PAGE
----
There exist efficient data structures for representing set partitions. These data structures have good time complexities for operations like Union and Find, but they are not particularly space-efficient.

What is a space-efficient way to represent a partition of a set?

Here is one possible starting point:

I know that the number of partitions of a set with $N$ elements is $B_N$, the $N$-th Bell number. So the optimal space complexity for representing a partition of a set with $N$ elements is $\log_2(B_N)$ bits. To find such a representation, we could look for a one-to-one mapping between (the set of partitions of a set of $N$ elements) and (the set of integers from $1$ to $B_N$).

Is there such a mapping that is efficient to compute? What I mean by "efficient" is that I want to convert this compact representation to / from an easy-to-manipulate representation (such as a list of lists) in time polynomial in $N$ or $\log_2(B_N)$.

  • $\begingroup$ wondering, how far could $\log_2(B_N)$ be from the naive/natural encoding of just assigning unique integers to each element of the set where the integer represents the partition #? maybe it is "not that much difference"... $\endgroup$ – vzn Apr 16 '13 at 15:34

You can use the way that the recurrence formula below is derived to find your encoding: $$ B_{n+1} = \sum_{k=0}^n \binom{n}{k} B_k. $$ This is proved by considering how many other elements are in the part containing the element $n+1$. If there are $n-k$ of these, then we have $\binom{n}{n-k} = \binom{n}{k}$ choices for them, and $B_k$ choices for partitioning the rest.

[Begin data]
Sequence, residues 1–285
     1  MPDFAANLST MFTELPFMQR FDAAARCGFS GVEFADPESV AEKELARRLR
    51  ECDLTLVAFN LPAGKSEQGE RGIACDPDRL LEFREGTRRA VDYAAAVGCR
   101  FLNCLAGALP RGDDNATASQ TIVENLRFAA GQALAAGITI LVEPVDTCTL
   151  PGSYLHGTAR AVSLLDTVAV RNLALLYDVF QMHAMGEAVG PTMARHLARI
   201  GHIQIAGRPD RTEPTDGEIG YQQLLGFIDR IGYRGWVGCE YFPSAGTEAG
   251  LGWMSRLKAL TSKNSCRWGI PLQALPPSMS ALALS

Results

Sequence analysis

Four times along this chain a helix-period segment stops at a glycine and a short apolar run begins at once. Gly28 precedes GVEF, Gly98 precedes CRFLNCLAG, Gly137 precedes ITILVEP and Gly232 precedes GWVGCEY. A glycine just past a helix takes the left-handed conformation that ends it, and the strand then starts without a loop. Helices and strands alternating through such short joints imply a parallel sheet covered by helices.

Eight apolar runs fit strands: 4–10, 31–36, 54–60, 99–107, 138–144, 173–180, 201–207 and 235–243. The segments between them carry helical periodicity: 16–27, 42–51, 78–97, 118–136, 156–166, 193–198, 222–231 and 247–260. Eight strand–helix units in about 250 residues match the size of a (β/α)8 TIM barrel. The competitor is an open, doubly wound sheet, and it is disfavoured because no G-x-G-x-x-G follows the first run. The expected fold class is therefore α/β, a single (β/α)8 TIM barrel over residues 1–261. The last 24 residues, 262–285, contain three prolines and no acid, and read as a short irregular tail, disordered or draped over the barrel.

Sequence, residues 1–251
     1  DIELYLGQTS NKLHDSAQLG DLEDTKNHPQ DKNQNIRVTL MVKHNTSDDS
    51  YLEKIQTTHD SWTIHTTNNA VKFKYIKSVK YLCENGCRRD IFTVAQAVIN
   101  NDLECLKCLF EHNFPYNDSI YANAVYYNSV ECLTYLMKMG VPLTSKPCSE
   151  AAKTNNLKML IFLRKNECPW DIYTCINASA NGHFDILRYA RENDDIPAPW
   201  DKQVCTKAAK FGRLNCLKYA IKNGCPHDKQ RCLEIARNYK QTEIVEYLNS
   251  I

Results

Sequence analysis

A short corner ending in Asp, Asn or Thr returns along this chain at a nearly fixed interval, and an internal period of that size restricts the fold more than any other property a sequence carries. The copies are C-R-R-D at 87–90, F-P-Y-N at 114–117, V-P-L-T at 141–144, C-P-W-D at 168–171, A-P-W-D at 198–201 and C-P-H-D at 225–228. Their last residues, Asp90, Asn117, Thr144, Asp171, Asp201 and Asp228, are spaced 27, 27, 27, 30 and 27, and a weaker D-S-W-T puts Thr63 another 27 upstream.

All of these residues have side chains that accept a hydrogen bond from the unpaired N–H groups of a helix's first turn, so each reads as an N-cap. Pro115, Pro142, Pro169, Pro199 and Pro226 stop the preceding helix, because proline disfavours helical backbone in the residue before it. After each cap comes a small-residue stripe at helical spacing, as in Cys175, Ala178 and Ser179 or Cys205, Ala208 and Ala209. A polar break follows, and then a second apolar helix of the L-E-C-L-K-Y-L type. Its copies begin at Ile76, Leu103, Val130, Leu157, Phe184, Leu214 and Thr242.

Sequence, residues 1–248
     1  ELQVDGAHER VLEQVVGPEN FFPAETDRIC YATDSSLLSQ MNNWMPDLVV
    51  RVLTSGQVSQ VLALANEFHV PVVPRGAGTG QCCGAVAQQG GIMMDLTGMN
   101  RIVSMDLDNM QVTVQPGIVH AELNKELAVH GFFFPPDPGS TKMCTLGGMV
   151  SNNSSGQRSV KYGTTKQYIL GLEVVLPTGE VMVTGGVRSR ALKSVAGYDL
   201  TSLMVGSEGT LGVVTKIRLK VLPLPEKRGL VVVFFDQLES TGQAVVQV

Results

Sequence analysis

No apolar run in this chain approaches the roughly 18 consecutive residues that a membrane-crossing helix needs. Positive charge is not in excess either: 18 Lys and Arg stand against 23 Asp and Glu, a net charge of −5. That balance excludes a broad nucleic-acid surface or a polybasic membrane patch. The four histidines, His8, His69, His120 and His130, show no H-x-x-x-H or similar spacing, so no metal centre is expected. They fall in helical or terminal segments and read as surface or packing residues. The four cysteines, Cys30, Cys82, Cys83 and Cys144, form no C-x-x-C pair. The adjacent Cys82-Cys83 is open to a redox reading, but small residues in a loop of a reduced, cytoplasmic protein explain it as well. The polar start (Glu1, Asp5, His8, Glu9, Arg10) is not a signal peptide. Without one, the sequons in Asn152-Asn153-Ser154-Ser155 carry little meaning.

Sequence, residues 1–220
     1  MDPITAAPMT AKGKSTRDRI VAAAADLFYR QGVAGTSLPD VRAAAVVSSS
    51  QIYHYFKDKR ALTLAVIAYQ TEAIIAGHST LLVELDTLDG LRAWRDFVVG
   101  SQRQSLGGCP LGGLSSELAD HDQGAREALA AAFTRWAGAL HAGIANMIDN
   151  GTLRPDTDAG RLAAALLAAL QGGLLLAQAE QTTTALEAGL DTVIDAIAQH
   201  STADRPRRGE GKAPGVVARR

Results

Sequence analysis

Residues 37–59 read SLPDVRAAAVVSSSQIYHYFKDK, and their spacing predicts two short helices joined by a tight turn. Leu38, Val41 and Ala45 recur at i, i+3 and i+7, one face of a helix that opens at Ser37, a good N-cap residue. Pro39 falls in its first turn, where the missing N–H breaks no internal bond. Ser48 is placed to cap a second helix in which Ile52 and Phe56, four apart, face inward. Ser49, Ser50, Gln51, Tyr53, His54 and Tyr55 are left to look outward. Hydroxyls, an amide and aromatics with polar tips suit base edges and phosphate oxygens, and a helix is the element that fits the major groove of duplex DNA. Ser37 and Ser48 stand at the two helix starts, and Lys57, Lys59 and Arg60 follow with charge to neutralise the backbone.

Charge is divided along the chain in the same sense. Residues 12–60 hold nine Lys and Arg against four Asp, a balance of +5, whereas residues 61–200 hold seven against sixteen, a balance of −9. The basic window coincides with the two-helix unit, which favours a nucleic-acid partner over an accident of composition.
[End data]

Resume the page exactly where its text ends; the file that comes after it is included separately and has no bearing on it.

Using this, we can give a recursive algorithm to convert any partition of $n+1$ to a number in the range $0,\ldots,B_{n+1}-1$. I assume you already have a way of converting a subset of size $k$ of $\{1,\ldots,n\}$ to a number in the range $0,\ldots,\binom{n}{k}-1$ (such an algorithm can be devised in the same way using Pascal's recurrence $\binom{n}{k} = \binom{n-1}{k} + \binom{n-1}{k-1}$).

Suppose that the part containing $n+1$ contains $k$ other elements. Find their code $C_1$. Compute a partition of $\{1,\ldots,n-k\}$ by "compressing" all the remaining elements to that range. Recursively compute its code $C_2$. The new code is $$C = \sum_{l=0}^{n-k-1} \binom{n}{l} B_l + C_1 B_{n-k} + C_2. $$

In the other direction, given a code $C$, find the unique $k$ such that $$ \sum_{l=0}^{n-k-1} \binom{n}{l} B_l \leq C < \sum_{l=0}^{n-k} \binom{n}{l} B_l, $$ and define $$ C' = C - \sum_{l=0}^{n-k-1} \binom{n}{l} B_l. $$ Since $0 \leq C' < \binom{n}{k} B_{n-k}$, it can be written as $C_1 B_{n-k} + C_2$, where $0 \leq C_2 < B_{n-k}$. Now $C_1$ codes the elements in the part containing $n+1$, and $C_2$ codes a partition of $\{1,\ldots,n-k\}$, which can be decoded recursively. To complete the decoding, you have to "uncompress" the latter partition so that it contains all the element not appearing in the part containing $n+1$.

Here is how to use the same technique to encode a subset $S$ of $\{1,\ldots,n\}$ of size $k$, recursively. If $k=0$ then the code is $0$, so suppose $k>0$. If $n \in S$ then let $C_1$ be a code of $S \setminus \{n\}$, as a subset of size $k-1$ of $\{1,\ldots,n-1\}$; the code of $S$ is $C_1$. If $n \notin S$ then let $C_1$ be a code of $S$, as a subset of size $k$ of $\{1,\ldots,n-1\}$; the code of $S$ is $C_1 + \binom{n-1}{k-1}$.

To decode a code $C$, there are two cases. If $C < \binom{n-1}{k-1}$ then decode a subset $S'$ of $\{1,\ldots,n-1\}$ of size $k-1$ whose code is $C$, and output $S' \cup \{n\}$. Otherwise, decode a subset $S'$ of $\{1,\ldots,n-1\}$ of size $k$ whose code is $C - \binom{n-1}{k-1}$, and output $S'$.

  • $\begingroup$ Excellent answer; thank you. Minor bug: In the proof sketch for the recurrence formula at the top, I think you mean "there are $n - k$ of those" instead of "there are $k$ of those" -- then the remaining $k$ elements can be partitioned in $B_k$ ways. $\endgroup$ – cberzan Apr 17 '13 at 18:48

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